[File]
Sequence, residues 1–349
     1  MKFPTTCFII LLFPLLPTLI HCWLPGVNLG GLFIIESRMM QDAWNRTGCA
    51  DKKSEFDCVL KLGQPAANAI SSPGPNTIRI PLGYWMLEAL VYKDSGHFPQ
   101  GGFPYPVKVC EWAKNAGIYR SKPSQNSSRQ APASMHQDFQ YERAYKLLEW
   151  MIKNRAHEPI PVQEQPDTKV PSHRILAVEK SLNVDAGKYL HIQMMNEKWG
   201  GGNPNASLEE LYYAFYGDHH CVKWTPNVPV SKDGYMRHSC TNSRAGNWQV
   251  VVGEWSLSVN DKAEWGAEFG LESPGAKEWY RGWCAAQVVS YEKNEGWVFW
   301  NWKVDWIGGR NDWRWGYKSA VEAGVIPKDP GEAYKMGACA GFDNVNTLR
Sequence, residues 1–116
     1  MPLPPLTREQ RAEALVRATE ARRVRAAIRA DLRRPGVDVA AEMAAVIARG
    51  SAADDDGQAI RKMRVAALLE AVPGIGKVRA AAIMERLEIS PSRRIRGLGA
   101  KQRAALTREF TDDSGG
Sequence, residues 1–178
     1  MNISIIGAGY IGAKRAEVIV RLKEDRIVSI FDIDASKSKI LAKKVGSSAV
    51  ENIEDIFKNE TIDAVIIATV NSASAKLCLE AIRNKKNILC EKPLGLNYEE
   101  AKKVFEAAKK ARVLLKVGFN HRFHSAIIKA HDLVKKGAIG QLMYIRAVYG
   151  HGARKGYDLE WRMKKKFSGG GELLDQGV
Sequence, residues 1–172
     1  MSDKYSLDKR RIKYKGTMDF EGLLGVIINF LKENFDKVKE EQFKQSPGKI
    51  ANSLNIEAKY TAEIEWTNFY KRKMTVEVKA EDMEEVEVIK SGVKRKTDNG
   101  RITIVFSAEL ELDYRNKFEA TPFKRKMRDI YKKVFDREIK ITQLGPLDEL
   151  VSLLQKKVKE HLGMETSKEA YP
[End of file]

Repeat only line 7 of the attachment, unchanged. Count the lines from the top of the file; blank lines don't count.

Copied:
   251  VVGEWSLSVN DKAEWGAEFG LESPGAKEWY RGWCAAQVVS YEKNEGWVFW